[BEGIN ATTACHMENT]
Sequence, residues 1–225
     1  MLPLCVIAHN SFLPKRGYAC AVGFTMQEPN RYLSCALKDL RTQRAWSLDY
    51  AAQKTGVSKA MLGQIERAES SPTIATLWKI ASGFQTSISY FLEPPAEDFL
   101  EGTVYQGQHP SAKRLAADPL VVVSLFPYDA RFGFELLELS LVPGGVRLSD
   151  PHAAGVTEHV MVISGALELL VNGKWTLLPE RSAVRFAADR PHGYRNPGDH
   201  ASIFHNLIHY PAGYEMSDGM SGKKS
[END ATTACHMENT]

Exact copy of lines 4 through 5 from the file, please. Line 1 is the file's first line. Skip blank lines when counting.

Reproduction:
   101  EGTVYQGQHP SAKRLAADPL VVVSLFPYDA RFGFELLELS LVPGGVRLSD
   151  PHAAGVTEHV MVISGALELL VNGKWTLLPE RSAVRFAADR PHGYRNPGDH